Specific binding of RGS9-Gbeta 5L to protein anchor in photoreceptor membranes greatly enhances its catalytic activity.


Journal Article

The complex between the short splice variant of the ninth member of the RGS protein family and the long splice variant of type 5 G protein beta subunit (RGS9-Gbeta5L) plays a critical role in regulating the duration of the light response in vertebrate photoreceptors by activating the GTPase activity of the photoreceptor-specific G protein, transducin. RGS9-Gbeta5L is tightly associated with the membranes of photoreceptor outer segments; however, the nature of this association remains unknown. Here we demonstrate that rod outer segment membranes contain a limited number of sites for high affinity RGS9-Gbeta5L binding, which are highly sensitive to proteolysis. In membranes isolated from bovine rod outer segments, all of these sites are occupied by the endogenous RGS9-Gbeta5L, which prevents the binding of exogenous recombinant RGS9-Gbeta5L to these sites. However, treating membranes with urea or high pH buffers causes either removal or denaturation of the endogenous RGS9-Gbeta5L, allowing for high affinity binding of recombinant RGS9-Gbeta5L to these sites. This binding results in a striking approximately 70-fold increase in the RGS9-Gbeta5L ability to activate transducin GTPase. The DEP (disheveled/EGL-10/pleckstrin) domain of RGS9 plays a crucial role in the RGS9-Gbeta5L membrane attachment, as evident from the analysis of membrane-binding properties of deletion mutants lacking either N- or C-terminal parts of the RGS9 molecule. Our data indicate that specific association of RGS9-Gbeta5L with photoreceptor disc membranes serves not only as a means of targeting it to an appropriate subcellular compartment but also serves as an important determinant of its catalytic activity.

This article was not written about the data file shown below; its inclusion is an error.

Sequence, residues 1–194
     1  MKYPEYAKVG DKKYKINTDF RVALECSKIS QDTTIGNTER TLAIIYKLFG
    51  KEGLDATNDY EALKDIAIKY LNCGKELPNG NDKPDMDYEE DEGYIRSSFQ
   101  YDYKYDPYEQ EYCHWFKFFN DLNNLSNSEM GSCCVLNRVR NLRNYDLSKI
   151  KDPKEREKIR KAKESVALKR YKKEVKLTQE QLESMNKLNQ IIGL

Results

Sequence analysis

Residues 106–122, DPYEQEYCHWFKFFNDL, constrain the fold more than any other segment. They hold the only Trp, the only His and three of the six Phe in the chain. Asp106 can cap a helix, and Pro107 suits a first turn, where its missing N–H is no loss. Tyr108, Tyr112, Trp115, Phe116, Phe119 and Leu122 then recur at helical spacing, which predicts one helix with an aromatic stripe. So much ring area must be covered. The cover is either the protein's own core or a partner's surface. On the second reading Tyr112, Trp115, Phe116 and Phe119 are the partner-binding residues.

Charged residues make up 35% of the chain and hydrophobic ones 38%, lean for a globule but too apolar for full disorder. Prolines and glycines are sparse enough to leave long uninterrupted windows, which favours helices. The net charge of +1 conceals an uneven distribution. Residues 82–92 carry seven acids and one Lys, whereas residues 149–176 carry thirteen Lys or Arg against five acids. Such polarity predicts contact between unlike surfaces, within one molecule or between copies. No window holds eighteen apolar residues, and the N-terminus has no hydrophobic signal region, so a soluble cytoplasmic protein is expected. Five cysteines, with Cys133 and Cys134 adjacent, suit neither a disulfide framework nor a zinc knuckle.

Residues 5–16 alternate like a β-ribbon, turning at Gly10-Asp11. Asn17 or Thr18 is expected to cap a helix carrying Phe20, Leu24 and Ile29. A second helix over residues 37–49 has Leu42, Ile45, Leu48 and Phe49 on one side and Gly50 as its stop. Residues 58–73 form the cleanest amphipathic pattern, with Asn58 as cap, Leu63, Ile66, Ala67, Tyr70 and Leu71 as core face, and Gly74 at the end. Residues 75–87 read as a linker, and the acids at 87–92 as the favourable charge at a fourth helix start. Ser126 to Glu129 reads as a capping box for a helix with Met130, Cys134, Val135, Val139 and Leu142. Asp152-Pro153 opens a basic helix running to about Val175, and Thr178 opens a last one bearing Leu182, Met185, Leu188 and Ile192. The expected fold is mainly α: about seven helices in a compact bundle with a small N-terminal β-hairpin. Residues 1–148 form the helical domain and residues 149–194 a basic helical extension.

Full Text

Duke Authors

Cited Authors

  • Lishko, PV; Martemyanov, KA; Hopp, JA; Arshavsky, VY

Published Date

  • July 5, 2002

Published In

Volume / Issue

  • 277 / 27

Start / End Page

  • 24376 - 24381

PubMed ID

  • 12006596

Pubmed Central ID

  • 12006596

International Standard Serial Number (ISSN)

  • 0021-9258

Digital Object Identifier (DOI)

  • 10.1074/jbc.M203237200


  • eng

Conference Location

  • United States